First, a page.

22 Healthy College Recipes You Can Make in Your Dorm Room
Ah, college life. There’s nothing like it: the long-awaited freedom, the endless nights at the library, the anything-goes parties... and the campus food. Although some colleges have stepped up their game in recent years, with many more offering vegan, gluten-free, and other diet-specific foods, it's not necessarily the cafeterias that do you in—what you snack on back at the dorm matters too. According to one study, students aren't even eating one serving of fruit and vegetables daily. Talk about a failing grade.
We're here to help you ace nutrition and give your body what it needs. When the dining hall just won't do, make one of these easy recipes for college students instead of reaching for ramen. All call for a minimal number of wholesome ingredients, most of which you'll use again. If an item (such as a spice) seems worthless to buy for one recipe, omit or replace it. The fanciest equipment you may need is a microwave, a knife, and a cutting board. And the directions are like that intro to acting class—easy A.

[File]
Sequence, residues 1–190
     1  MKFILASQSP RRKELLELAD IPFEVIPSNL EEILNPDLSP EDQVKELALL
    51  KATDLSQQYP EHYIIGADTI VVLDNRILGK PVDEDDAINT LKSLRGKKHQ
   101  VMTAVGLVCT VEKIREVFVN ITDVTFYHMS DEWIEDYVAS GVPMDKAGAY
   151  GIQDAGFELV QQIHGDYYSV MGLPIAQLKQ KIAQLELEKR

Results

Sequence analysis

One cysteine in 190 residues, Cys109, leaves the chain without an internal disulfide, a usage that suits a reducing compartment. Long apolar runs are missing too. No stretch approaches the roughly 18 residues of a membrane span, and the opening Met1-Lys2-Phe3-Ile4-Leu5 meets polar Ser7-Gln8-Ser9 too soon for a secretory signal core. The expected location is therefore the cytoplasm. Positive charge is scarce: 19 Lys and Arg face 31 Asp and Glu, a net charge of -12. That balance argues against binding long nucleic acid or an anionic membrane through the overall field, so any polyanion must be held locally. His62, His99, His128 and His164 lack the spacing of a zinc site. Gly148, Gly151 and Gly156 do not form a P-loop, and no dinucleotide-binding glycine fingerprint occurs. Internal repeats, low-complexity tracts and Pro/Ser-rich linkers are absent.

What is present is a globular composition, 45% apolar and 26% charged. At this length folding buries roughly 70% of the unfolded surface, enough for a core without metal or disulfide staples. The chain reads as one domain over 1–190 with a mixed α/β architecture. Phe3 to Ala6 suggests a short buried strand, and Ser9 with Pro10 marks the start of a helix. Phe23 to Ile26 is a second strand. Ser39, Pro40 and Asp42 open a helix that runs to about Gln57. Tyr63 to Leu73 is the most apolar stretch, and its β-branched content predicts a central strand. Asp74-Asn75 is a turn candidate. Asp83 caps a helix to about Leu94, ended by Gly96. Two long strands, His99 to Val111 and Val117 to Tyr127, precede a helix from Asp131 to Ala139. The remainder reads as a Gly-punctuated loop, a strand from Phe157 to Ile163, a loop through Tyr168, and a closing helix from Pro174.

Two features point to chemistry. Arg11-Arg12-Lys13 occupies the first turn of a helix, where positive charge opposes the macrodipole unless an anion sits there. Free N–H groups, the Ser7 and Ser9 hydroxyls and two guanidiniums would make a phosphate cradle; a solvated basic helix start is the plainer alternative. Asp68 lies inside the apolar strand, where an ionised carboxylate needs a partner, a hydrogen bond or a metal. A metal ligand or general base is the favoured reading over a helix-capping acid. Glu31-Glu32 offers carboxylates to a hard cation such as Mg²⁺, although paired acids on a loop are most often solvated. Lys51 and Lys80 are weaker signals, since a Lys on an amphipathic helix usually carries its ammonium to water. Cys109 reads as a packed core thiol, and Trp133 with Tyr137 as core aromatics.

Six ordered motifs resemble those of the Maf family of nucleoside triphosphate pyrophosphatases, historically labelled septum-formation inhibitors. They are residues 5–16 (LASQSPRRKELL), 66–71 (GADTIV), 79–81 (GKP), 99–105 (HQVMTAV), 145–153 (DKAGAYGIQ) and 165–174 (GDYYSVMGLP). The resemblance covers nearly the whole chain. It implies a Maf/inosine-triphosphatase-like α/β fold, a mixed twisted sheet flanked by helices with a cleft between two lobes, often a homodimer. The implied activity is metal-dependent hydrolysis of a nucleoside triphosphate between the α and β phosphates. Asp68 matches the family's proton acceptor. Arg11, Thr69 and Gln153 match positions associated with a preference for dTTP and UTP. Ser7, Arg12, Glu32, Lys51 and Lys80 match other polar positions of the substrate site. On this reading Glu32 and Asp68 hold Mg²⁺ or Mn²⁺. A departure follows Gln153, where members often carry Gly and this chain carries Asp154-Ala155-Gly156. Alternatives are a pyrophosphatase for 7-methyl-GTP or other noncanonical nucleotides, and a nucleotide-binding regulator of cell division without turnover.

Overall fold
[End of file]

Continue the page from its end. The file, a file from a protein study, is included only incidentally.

A Cookie. In a mug. For BREAKFAST?! Whole ingredients like peanut butter, bananas, and oats serve as the base for this single-serving breakfast cookie. Our mouths are watering, and our minds are blown.
Dining hall scrambled eggs too runny for your taste? Make yours just the way you like 'em with this microwavable version. While this college recipe calls for mostly egg whites, feel free to use the whole egg—the cholesterol in the yolk won't increase your risk for heart disease. Plus that's where most of the micronutrients are.
Carbs from the rolled oats, protein from the Greek yogurt, healthy fats from the chia, and antioxidants from the blueberries make this chilled concoction a fairly balanced morning meal. Prepare it the night before, then grab it from your mini fridge and snag a spoon from the dining hall (we won't tell), and you're ready for that 8 a.m. lecture.